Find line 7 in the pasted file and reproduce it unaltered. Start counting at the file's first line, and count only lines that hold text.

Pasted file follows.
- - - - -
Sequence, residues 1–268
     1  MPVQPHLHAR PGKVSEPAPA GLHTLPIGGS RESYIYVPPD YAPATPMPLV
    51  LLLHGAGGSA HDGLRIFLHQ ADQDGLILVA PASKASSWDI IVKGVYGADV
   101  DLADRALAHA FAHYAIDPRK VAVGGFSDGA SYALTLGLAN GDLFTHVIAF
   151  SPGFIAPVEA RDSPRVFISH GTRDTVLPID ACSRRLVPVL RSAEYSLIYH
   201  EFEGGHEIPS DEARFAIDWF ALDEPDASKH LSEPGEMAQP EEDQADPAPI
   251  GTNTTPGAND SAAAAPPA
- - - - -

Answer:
   251  GTNTTPGAND SAAAAPPA